This series can still be found here: http://msdn.microsoft.com/en-us/library/ff649152.aspx While some of the content is stale since it refers specifically to .NET 2.0 I think all of the conceptual content broadly applicable (even beyond managed code systems to software systems generally.) If...
  • Blog Post: Performance and Design Guidelines for Data Access Layers

    Many problems you will face are actually the building data access layer, sometimes thinly disguised, sometimes in your face; it’s one of the broad patterns that you see in computer science – as the cliché says: it keeps rearing its ugly head. Despite this, the same sorts of mistakes...
  • Blog Post: Performance Guidelines for Properties

    I can’t say I’ve asked the framework guidelines folks about this but I’m fairly sure there would be a lot of agreement from the guidelines gurus; so in the spirit of approximately correct advice I give you Rico’s Guidelines for Performant Properties. I should start by saying...
  • Blog Post: Measure!

    I know I haven't posted for a while; I'm hoping that will change soon. However in the mean time my daughter forwarded me this link because she thought it was cute. The thing is, she didn't realize it should be my theme song. http://www.youtube.com/watch?v=MMsQYjYlBEo It's rule #1 http://blogs...
  • Blog Post: Less Loosely Coupled Than Meets The Eye

    I don’t know that it is possible to write anything like a unitary software system in a way that is truly loosely coupled. It’s not that you can’t make boxes and lines that are cleanly separated in all sorts of pretty ways, though that’s hard enough. The problem is that even if...
  • Blog Post: A few words about Micro-Benchmarks

    It’s been a long time since I included my “this discussion is only approximately correct” disclaimer so I’ll just preface it here. In the interest of space and clarity, this discussion is only approximately correct. OK, now we can move on… I love micro-benchmarks. Really. I rely on micro-benchmarks...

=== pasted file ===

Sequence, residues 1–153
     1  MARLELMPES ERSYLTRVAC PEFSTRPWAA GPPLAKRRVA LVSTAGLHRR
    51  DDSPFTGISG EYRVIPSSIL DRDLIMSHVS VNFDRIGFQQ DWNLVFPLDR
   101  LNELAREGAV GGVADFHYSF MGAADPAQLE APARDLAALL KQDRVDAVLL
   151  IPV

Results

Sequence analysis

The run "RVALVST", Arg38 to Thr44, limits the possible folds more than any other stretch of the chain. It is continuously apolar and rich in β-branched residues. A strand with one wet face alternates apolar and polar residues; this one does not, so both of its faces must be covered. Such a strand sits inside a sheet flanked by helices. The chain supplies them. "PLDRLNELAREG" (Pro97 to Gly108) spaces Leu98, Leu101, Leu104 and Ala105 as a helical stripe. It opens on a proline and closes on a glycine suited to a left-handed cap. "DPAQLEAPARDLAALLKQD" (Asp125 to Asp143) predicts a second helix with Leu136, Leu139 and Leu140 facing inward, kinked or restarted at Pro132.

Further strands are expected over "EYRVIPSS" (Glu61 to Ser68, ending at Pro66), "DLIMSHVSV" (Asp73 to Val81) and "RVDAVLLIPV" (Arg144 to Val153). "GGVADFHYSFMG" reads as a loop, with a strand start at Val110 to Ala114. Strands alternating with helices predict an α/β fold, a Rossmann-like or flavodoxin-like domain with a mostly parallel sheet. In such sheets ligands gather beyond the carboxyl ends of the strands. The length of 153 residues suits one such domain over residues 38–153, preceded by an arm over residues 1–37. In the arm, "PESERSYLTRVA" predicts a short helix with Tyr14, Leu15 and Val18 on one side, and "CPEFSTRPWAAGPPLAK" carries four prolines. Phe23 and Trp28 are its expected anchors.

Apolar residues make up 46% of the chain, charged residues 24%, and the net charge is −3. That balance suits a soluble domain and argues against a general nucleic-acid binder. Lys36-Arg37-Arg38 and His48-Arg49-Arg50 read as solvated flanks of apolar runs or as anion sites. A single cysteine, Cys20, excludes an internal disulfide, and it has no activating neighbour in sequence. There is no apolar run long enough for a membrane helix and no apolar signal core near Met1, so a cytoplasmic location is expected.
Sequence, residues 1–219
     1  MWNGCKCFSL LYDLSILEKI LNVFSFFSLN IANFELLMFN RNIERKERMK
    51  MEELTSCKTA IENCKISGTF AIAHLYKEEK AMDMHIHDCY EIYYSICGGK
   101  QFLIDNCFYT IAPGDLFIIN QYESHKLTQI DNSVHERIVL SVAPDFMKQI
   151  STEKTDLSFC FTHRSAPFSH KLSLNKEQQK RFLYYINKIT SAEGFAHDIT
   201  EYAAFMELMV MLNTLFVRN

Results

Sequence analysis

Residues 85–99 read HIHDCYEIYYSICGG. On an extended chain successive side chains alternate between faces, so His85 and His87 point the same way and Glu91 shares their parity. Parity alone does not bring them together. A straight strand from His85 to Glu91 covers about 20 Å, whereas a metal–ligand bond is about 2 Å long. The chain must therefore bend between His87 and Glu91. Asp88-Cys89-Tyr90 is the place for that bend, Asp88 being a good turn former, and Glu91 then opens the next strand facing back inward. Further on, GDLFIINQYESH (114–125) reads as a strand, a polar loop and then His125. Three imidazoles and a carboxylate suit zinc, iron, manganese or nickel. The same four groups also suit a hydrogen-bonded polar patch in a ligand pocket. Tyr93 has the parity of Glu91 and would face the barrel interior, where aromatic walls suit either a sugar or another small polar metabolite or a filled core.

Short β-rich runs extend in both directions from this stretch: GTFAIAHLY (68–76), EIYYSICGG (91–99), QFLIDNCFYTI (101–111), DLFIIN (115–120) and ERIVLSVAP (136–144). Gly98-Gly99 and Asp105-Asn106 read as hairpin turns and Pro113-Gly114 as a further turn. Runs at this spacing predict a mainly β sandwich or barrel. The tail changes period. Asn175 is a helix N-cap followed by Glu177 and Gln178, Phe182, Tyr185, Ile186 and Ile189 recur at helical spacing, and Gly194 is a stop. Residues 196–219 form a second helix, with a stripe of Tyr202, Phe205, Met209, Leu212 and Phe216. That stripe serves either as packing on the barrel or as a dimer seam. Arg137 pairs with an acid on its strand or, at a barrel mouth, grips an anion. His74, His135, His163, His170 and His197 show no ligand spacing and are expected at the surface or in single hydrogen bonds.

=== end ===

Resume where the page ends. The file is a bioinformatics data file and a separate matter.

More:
• Blog Post: Variability in Benchmarks

    I’m not especially a great fan of micro-benchmarks, they’re handy as a compliment to the larger tests but I often find that they lead to confusion because they are interpreted as reflecting reality when nothing could be farther from the truth. The fact is that micro-benchmarks are intended to magnify...
  • Blog Post: Visual Studio 2010 Performance Part 3: A Technical Update

    If I have any readers left out there, they might be interested to know what it is I’m up to this month. It’s a very important something. It’s... my vacation! Ok, seriously, I am in fact on vacation and I’ll be out for the next few weeks mostly because I’ve been working really hard on VS performance for...
  • Blog Post: Visual Studio: Why is there no 64 bit version? (yet)

    Disclaimer: This is yet another of my trademarked "approximately correct" discussions From time to time customers or partners ask me about our plans to create a 64 bit version of Visual Studio. When is it coming? Why aren’t we making it a priority? Haven’t we noticed that 64 bit PC’s are very popular...
  • Blog Post: Visual Studio 2010 Performance Part 2: Text Editor

    Part 1 of this series talked about the startup problems we face. In Part 2, I want to talk about the editor. Many people have reported that editing with the new editor is slower. I’ve experienced the same thing myself so I certainly do not want to accuse people of hallucinating but I thought it might...
  • Blog Post: Visual Studio 2010 Performance Part 1: Startup

    I want to start by thanking everyone that has commented on the Beta (by posting their thoughts here or elsewhere) for doing so. Please keep those comments coming! They have a great impact on the senior leadership here and they are excellent rallying points for all the teams. They really do make a difference...
  • Blog Post: Visual Studio 10 -- Your Performance Feedback plus Beta 1

    At Microsoft you can't say you're excited about anything you have to say that you're "super excited". I don't know why that's just the way it is . So, I'm happy to say that I'm super excited about the release of Beta 1 and I encourage you all to visit Jason's blog (again) to see screen-shots and get...
  • Blog Post: Visual Studio -- working on performance

    Jason has a new posting on the progress of Visual Studio and I wanted to chime in myself. Some people have been wondering what I’ve been up to… I think you’ll be happy to hear that about 2 months ago I put down a bunch of my long term planning responsibilities so that I could work on Visual Studio performance...